Marines name general to handle video probes
WASHINGTON — The Marine Corps on Friday laid the groundwork for deciding what, if any, disciplinary action will be taken in the case of an Internet video purporting to show Marine snipers urinating on dead bodies in Afghanistan.
The top Marine officer, Gen. James Amos, appointed three-star Gen. Thomas Waldhauser to oversee the case. Waldhauser named another officer to do an internal Marine Corps investigation, which is in addition to a criminal probe under way by the Naval Criminal Investigative Service.
Waldhauser will decide what to do as a result of the investigations.
In Afghanistan, a senior US commander issued a letter to all personnel in the international coalition that is fighting the war, explicitly reminding them of the need to respect the dead. The letter from Army Lt. Gen. Curtis M. Scaparrotti, commander of the International Security Assistance Force Joint Command, reflected the depth of concern about fallout from the video.
“Defiling, desecrating, mocking, photographing or filming for personal use insurgent dead constitutes a grave breach of the LOAC (laws of armed conflict), violate basic standards of human decency and can cause serious damage to relations with the Afghan government,” Scaparrotti wrote. He ordered all commanders to remind their subordinates of their duty to comply.
No one has been charged in the case, which triggered widespread outrage with the appearance Wednesday on YouTube of a brief video that appears to show four Marines in full combat gear urinating on the bodies of three dead men lying on the ground.
Marine Gen. John Allen, the top U.S. and NATO commander in Afghanistan, condemned the behavior and said in a statement Friday while he was traveling in the U.S. that the facts in the case should be determined swiftly.
“These actions are in direct opposition to everything the military stands for,” Allen said after viewing the video. “Such acts in no way reflect the high moral standards and values we expect of our armed forces on a daily basis.”
Pentagon officials worry that the actions depicted in the video will tarnish the reputation of the entire military. Some officials have expressed fear that it could undermine prospects for exploratory Afghan peace talks.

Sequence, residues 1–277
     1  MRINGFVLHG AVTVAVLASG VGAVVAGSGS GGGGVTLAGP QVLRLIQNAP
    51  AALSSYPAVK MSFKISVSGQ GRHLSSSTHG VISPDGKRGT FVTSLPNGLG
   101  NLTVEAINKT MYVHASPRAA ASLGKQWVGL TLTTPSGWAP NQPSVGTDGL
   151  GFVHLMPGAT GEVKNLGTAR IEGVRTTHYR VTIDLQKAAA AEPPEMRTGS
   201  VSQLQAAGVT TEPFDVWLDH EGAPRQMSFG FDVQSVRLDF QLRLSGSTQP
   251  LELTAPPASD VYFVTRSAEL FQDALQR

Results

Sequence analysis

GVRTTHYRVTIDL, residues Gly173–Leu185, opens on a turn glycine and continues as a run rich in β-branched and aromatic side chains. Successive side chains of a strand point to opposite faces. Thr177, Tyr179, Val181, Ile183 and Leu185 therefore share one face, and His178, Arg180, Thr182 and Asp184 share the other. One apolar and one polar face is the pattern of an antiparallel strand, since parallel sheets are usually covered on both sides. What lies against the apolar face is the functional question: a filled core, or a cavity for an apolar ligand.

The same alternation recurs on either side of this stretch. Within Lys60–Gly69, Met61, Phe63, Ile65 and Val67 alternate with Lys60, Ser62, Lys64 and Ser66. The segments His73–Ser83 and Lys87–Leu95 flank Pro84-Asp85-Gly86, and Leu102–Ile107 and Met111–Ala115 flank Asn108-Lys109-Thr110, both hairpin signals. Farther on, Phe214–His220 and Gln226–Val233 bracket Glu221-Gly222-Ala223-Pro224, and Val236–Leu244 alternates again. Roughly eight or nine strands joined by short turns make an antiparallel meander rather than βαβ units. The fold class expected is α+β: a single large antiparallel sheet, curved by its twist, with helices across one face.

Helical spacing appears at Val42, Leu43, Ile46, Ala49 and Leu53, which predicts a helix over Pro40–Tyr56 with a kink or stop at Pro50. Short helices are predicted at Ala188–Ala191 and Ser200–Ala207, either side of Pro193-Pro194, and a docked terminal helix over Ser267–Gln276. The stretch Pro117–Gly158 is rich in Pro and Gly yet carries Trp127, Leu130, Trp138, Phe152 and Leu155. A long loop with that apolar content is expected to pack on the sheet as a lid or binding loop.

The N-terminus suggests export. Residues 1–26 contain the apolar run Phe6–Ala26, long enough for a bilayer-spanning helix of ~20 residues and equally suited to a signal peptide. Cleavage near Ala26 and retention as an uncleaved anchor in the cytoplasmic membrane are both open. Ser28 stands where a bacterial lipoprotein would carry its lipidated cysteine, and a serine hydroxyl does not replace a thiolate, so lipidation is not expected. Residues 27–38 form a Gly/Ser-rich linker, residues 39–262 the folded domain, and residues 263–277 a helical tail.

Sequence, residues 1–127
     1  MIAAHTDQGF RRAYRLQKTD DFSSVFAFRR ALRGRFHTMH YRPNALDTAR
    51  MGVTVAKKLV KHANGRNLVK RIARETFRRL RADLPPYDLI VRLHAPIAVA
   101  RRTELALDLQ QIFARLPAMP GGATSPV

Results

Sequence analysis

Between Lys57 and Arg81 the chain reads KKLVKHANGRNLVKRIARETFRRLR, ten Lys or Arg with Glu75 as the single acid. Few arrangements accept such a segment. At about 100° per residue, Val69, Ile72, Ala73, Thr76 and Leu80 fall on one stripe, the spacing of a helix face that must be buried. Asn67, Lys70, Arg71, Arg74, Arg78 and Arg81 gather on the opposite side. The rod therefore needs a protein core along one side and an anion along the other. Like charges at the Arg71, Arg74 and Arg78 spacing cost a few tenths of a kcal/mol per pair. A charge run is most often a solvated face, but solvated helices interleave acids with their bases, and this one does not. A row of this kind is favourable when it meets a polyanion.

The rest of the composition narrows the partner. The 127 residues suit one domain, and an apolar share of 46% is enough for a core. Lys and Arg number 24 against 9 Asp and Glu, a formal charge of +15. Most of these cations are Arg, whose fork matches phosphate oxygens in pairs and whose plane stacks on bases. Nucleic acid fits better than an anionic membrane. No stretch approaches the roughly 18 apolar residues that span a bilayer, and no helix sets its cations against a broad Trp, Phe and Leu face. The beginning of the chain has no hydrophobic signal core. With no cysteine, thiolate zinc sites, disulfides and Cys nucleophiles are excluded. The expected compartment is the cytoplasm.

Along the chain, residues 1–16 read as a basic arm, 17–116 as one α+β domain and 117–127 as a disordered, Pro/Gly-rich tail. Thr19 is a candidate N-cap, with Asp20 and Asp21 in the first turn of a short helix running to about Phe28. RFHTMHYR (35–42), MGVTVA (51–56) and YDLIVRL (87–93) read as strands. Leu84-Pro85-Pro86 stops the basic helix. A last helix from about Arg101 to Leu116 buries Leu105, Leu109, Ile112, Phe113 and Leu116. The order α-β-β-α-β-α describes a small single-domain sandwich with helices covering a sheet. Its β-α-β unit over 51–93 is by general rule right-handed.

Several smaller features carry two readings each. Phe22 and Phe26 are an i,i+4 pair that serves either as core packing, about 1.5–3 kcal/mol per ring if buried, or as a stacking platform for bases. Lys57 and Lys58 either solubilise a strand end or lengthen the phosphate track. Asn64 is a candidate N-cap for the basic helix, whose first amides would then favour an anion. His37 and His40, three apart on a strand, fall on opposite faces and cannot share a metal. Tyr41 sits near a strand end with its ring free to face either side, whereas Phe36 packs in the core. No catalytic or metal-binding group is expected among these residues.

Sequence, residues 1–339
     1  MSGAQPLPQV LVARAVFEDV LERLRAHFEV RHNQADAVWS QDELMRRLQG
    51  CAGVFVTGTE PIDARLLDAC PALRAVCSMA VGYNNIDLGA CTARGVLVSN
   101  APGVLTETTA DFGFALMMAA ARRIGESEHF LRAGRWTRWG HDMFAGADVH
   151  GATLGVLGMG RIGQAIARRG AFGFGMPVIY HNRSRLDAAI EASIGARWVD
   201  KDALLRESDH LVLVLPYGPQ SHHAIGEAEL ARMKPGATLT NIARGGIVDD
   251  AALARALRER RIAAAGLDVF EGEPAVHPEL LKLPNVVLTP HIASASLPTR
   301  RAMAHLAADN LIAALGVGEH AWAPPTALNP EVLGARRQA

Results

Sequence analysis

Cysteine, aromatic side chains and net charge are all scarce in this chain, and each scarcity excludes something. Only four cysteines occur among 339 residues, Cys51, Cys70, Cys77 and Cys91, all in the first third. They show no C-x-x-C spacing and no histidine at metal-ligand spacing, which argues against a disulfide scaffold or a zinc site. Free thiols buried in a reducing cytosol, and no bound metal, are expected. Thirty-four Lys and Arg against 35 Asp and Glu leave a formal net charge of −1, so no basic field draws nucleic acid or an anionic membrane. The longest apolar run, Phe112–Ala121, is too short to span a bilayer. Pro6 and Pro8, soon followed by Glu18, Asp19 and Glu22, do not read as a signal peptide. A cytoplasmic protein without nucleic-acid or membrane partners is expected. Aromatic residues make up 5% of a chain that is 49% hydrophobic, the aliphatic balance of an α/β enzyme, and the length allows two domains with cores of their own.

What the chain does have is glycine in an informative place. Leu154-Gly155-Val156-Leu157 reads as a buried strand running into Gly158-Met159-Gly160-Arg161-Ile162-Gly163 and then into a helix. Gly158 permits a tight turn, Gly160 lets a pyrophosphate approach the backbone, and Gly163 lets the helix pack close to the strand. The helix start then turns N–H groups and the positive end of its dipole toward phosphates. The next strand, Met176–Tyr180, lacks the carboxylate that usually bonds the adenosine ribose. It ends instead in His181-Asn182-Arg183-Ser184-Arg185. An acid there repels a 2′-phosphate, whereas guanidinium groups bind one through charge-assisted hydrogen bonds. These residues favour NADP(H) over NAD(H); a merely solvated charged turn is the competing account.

Defense Secretary Leon Panetta and military leaders have promised an exhaustive investigation and sought to contain the damage at home and abroad.
It said Waldhauser will “exercise his independent judgment” and decide how to handle “any allegations of wrongdoing.”
Waldhauser appointed a three-star general, Steven Hummer, to lead the internal Marine Corps investigation. The probe will look into the question of what prompted the four Marines’ behavior, said one officer, speaking on condition of anonymity in order to discuss an internal matter. That will include examining whether the Corps’ current training and education on the laws of warfare are adequate, the officer said.
A second officer, also speaking privately to discuss an internal matter, said investigators will consider whether more senior Marines, such as the commander of the four Marines' battalion, failed to ensure a climate of proper discipline. The four who appeared in the video are enlisted Marines. Their exact ranks have not been made public.
The NCIS, the law enforcement arm of the Navy, is heading the main inquiry, which is expected to consider evidence of violations of the U.S. military legal code as well as the international laws of warfare.